Markets for Agricultural Products,” World Trade Review 4, no. 2 (July 2005), pp. 229-47.
Gilbert R. Winham, “International Regime Conflict in Trade and Environment: The Biosafety
Protocol and the WTO,” World Trade Review 2, no. 2 (July 2003), pp 131-155.
Arvind Subramanian, Shang-Jin Wei, “The WTO Promotes Trade, Strongly But Unevenly,”
NBER Working Paper, No._, 2003.
Robert E. Hudec, “Free Trade, Sovereignty, Democracy: The Future of the World Trade
Organization,” World Trade Review 1, no. 2 (July 2002): 211-22.
Ernst-Ulrich Petersmann, “Human Rights, Cosmopolitan Democracy and the Law of the World
Trade Organization,” in Ian Fletcher et al., eds., Foundations and Perspectives of
International Trade Law (London: Sweet & Maxwell, 2001), chap. 8, pp. 79-96.
Sabrina Shaw and Risa Schwartz, “Trade and Environment in the WTO: State of Play,” Journal
of World Trade 36, no. 1 (February 2002), pp. 129-154.
Terms of Trade and Unequal Exchange vis-à-vis Developing Countries
Singer, H.W. 1950. “The Distribution of Gains Between Investing and Borrowing Countries.”
American Economic Review 40(2): 473-485. (This is a “classic” article.)
Sarkar, P. and H.W. Singer. 1991. “Manufactured Exports of Developing Countries and Their
Terms of Trade Since 1965.” World Development 19(4): 1991.
Heintz, James. 2006. “Low-wage manufacturing and global commodity chains: a model in the unequal exchange tradition.” Cambridge Journal of Economics 30(4): 507-520.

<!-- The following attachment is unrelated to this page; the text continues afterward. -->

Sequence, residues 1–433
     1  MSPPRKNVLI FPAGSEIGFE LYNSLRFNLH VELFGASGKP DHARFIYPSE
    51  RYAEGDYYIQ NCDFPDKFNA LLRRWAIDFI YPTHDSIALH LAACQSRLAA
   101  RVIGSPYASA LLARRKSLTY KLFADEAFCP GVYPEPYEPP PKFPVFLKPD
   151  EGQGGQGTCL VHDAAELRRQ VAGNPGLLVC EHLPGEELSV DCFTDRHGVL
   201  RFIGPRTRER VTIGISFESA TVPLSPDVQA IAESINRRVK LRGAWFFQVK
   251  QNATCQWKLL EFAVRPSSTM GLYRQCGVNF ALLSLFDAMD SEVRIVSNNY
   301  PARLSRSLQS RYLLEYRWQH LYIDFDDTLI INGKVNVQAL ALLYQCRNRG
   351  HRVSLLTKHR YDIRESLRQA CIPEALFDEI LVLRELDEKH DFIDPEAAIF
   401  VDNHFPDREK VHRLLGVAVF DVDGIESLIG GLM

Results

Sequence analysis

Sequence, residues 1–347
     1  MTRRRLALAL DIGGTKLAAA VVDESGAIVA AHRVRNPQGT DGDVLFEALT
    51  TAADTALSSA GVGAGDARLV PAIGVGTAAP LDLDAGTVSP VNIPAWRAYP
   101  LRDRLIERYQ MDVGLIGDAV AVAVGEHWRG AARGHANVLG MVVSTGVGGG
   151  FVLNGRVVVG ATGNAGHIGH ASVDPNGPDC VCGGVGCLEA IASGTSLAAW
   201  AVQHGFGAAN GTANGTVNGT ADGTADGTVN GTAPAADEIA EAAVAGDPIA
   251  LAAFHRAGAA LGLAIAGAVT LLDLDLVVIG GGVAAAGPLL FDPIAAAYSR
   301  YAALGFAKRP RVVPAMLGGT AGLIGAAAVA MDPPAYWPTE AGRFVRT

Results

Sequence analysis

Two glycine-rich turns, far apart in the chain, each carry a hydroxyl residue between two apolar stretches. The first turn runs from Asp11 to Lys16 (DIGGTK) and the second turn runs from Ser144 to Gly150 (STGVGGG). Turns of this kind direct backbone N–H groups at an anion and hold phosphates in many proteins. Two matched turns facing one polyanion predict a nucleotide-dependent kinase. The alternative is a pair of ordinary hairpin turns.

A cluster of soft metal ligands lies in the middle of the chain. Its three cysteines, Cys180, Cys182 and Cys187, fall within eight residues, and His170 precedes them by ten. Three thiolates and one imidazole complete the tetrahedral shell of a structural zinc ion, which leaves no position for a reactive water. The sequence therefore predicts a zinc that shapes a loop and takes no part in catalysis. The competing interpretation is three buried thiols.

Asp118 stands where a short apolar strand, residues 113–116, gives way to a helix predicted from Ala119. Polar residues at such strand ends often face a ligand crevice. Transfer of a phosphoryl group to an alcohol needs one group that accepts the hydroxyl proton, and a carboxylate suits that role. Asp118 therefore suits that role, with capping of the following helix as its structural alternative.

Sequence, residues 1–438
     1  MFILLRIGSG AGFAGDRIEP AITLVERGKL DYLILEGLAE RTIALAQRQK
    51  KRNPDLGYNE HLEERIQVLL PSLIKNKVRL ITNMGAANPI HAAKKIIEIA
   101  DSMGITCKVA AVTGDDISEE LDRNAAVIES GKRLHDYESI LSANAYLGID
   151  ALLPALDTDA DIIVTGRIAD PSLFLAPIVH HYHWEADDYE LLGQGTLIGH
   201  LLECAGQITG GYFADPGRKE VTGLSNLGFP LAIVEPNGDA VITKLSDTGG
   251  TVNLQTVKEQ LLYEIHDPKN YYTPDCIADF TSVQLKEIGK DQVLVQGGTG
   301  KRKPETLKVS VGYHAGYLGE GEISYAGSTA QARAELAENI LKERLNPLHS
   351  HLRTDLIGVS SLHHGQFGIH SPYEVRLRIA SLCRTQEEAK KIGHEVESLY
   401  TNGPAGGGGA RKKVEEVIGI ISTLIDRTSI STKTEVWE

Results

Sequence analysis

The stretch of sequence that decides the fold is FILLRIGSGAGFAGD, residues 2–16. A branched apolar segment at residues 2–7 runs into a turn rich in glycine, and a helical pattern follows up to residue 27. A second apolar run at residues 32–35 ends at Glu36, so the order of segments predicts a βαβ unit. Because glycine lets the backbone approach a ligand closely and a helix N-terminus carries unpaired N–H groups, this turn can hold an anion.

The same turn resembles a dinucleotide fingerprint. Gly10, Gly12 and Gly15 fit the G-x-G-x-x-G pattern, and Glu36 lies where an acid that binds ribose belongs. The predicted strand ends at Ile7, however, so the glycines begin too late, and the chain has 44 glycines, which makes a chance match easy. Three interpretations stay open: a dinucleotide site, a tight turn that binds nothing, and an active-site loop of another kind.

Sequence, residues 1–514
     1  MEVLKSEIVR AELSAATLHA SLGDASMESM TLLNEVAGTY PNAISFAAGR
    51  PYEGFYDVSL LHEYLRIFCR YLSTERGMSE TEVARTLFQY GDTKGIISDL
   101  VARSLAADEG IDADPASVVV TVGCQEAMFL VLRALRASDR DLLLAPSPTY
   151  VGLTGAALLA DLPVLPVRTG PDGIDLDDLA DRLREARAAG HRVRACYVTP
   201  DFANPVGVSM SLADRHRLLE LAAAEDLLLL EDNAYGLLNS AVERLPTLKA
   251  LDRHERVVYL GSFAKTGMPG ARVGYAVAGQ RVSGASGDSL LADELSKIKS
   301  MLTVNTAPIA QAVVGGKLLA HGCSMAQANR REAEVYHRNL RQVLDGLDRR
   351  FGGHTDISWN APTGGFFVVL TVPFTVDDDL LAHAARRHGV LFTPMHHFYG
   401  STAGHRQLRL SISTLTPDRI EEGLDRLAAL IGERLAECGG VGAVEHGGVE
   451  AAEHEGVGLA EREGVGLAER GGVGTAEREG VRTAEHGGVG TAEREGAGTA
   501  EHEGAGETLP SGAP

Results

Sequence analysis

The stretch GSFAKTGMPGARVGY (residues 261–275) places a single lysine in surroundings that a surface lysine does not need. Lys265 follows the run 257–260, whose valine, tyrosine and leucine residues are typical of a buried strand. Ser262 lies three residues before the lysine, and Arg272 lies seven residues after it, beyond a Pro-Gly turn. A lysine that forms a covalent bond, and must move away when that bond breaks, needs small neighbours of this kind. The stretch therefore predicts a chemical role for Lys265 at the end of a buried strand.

Emmanuel, Arighiri. 1972. Unequal Exchange. A Study of the Imperialism of Free Trade. New
York: Monthly Review Press. [Read entire book—the book is on reserve (hard copy) at Penrose Library.]
Darity, William and Lewis Davis. 2005. “Growth, Trade and Uneven Development.” Cambridge Journal of Economics 29(1): 141-170.
Prebisch, R. 1962. “The Economic Development of Latin America and Its Principal Problems.” Economic Bulletin for Latin America. (This is s a “classic” article.)
Bacha, Edmar. 1978. “An Interpretation of Unequal Exchange from Prebisch-Singer to
Emmanuel.” Journal of Development Economics 5(4): 319-330.
Milberg, W. 1994. "Is Absolute Advantage Passe? Towards a Keynesian /Marxian Theory of
International Trade”, in Competition,Technology and Money, Classical and Post-
Keynesian Perspectives, ed. Mark Glick, Edward Elgar, Great Britain.
Lucke, M. 1993. “Developing Countries Terms of Trade in Manufactures, 1967-87: A Note.” Journal of Development Studies 29(3):
Sapsford, D. and Chen, John-ren, “The Prebisch-Singer Terms of Trade Hypothesis: Some
(Very) New Evidence,” in Development Economics and Policy, ed. Sapsford and Chen,
NY: St. Martin’s Press, 1998.
Zanias, George, “Testing for trends in the terms of trade between primary commodities and
manufactured goods,” Journal of Development Economics, 78, pp. 49-59, 2005.
Diakosavvas, D and Scandizzo, P., “Trends in the Terms of Trade of Primary Commodities,
1900- 1982: The Controversy and its Origins,” Economic Development and Cultural
Change, 39(2), pp. 231-264, Jan. 1991.
*Note: PhD students planning to take the comprehensive exam in International Political Economy should be sure to read the material on this topic.